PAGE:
Story by Chandra Brown | Photos by AZ Andis
The jungle whitewater mecca of Tena, Ecuador recently hosted the first (and hopefully not last) Jondachi Fest. Check out the results from the elite-class Upper Jondachi Race, posted on the Ecuadorian Rivers Institute website. Here are some of our favorite take-home lessons from our time on the legendary — and imperiled — Rio Jondachi.
1. Stay positive. New (2013) legislation in Ecuador all but overtly outlaws citizen protest. We found that, in order to be successful as an advocacy event, Jondachi Fest didn’t need to protest anything. The proposed dam and all it implies was overshadowed by shared celebration on the river (and the occasional perfect rainbow).
2. Look to the youth for inspiration. The next generation of Ecuadorian kayakers has been educated by a crew of superlative paddling mentors. Sixteen-year-old local kids gave sponsored athletes from the U.S., France, and Canada a serious run for their money in the Upper Jondachi Race. At next year’s Jondachi Fest, our money’s on the high schoolers from Tena.
3. Competition breeds connection. Local Tena phenom Diego Robles was favored to win the Upper Jondachi Race. When he and New York native Dave Gardner tied for third place, a connection emerged from the chaos that will likely carry over into future incarnations of Jondachi Fest. The victory and rivalry shared by Diego and Dave represents a classic tradition that defies cultural and geographic borders.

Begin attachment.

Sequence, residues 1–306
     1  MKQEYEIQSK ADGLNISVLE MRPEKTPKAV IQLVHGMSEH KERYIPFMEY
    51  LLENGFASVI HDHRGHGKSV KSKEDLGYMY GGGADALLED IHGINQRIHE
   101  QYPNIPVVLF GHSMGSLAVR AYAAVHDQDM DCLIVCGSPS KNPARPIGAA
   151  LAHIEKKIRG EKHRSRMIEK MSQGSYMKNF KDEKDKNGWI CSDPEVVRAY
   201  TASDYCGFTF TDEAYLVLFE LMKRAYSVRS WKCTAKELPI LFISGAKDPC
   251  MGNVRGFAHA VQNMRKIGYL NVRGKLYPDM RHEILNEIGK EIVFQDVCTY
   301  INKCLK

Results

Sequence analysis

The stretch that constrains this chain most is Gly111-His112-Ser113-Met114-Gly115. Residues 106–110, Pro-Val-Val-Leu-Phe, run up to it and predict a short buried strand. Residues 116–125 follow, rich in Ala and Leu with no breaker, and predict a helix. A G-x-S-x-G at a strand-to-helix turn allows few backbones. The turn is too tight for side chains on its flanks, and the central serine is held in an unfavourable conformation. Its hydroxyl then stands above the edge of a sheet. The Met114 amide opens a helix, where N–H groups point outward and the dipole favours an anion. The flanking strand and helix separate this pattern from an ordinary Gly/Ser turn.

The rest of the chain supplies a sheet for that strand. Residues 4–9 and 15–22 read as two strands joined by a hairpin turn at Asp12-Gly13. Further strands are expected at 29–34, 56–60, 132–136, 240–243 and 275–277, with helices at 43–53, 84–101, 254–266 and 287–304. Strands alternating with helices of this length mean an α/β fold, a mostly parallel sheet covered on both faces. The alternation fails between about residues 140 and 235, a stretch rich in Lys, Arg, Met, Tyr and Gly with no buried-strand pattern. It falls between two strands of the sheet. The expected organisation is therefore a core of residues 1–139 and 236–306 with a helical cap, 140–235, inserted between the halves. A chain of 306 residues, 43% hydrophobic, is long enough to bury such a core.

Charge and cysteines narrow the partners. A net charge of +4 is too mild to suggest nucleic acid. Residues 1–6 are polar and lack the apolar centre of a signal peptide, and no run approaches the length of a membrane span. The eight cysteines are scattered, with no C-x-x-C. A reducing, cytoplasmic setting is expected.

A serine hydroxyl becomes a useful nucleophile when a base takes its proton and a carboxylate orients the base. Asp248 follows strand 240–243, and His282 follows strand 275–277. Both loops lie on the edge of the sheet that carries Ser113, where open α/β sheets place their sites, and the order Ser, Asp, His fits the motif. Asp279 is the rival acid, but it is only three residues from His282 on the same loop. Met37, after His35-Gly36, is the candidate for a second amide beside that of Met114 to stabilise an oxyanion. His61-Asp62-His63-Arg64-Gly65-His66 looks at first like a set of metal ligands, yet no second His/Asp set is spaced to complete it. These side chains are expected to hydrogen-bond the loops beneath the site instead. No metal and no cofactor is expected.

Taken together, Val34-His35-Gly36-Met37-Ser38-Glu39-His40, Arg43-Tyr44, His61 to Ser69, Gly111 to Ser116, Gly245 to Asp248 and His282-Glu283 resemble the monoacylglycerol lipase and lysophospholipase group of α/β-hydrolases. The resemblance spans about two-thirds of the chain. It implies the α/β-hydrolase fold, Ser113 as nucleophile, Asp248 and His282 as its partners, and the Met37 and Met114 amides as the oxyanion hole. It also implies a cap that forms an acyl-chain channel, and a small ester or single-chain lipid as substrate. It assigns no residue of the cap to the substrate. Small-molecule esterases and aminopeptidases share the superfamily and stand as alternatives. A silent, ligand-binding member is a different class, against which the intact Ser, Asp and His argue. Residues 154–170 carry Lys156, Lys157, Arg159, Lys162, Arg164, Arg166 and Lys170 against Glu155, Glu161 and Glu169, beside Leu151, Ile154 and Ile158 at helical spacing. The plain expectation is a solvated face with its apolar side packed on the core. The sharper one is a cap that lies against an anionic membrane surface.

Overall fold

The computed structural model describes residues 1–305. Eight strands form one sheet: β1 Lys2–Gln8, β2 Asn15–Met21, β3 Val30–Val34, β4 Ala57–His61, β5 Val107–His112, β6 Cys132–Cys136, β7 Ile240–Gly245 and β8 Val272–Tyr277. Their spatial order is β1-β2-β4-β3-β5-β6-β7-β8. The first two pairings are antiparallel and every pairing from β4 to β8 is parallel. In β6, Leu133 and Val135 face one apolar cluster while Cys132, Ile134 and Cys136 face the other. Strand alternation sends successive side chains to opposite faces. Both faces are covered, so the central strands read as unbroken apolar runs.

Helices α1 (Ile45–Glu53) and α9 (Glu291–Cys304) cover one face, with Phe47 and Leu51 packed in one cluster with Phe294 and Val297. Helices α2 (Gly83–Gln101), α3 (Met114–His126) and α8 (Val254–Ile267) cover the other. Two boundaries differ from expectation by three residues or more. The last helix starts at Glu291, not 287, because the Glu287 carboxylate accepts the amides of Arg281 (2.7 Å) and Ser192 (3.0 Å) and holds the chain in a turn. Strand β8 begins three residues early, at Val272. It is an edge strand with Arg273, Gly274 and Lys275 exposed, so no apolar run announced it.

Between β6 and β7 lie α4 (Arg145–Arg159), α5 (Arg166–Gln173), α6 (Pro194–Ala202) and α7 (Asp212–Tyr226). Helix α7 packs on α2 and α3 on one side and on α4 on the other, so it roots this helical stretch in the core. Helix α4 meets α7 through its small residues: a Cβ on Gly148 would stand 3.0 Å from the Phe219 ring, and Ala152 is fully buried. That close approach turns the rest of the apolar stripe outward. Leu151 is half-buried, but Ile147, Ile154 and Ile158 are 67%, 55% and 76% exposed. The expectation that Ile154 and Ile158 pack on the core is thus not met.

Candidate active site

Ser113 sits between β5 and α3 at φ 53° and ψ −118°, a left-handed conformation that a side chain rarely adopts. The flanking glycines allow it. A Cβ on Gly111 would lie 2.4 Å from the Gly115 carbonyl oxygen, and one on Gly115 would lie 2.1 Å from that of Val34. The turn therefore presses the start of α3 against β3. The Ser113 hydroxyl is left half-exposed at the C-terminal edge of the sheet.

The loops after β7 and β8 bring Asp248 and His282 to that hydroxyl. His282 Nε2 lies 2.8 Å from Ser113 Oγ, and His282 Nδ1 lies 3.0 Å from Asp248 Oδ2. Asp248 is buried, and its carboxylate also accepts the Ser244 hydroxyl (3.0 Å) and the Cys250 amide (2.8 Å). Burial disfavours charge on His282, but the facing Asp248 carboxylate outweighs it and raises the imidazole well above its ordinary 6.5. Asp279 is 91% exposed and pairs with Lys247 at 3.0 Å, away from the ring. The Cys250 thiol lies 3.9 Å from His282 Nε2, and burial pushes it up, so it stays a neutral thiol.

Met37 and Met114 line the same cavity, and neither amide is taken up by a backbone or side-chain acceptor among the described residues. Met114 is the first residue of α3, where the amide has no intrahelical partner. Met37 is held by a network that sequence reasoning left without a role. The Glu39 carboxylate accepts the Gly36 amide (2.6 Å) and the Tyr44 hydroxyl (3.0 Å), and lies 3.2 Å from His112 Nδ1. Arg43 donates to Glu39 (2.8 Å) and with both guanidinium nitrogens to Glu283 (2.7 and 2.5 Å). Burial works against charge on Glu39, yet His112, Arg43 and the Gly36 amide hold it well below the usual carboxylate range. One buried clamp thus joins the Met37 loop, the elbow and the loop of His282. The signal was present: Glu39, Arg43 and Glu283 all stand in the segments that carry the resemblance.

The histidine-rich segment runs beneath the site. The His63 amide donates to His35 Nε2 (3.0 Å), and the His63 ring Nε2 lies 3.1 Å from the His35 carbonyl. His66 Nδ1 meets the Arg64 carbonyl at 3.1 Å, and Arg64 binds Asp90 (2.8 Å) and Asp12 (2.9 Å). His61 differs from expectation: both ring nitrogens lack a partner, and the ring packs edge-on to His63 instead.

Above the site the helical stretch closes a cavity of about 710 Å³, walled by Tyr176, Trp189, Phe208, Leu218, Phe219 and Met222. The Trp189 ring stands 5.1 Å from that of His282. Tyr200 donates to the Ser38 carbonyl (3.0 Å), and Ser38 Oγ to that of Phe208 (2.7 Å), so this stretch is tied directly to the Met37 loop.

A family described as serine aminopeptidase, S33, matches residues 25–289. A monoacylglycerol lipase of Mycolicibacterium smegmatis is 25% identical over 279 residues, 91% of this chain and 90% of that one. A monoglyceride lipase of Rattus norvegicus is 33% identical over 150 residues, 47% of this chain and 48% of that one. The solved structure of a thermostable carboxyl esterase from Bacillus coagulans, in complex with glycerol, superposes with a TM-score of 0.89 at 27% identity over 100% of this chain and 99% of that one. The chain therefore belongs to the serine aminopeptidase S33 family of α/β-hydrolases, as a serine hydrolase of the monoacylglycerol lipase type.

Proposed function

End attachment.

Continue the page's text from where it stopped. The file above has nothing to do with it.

4. Get involved on the local level. Dozens of volunteers, uniformed government representatives, local firefighters, and enthusiastic spectators hiked in to the Upper Jondachi Race finish through several kilometers of thigh-deep mud, lines of fire ants, and blazing equatorial sun.
5. Remember your purpose. Attempting to put on a world-class kayaking event in the face of complex local politics and an imminent dam project required constant reexamination of why we were all here. Jondachi Fest wasn’t entirely about the Class V Upper Jondachi Race. It was about the beauty and power of the river — the elements that transcend societal issues, money, ambition, socioeconomic strata, and political agendas. We were all here to break down those constructions though human interaction and direct engagement with the river.
— The Ecuadorian River Institute’s goal for the next few months is to continue advocating for the Jondachi-Hollin-Misahualli-Napo Ecological Corridor as an alternative to the two hydro-projects planned for the Jondachi. With a hopeful eye to the future, Jondachi Fest 2016 is already in the works for next January.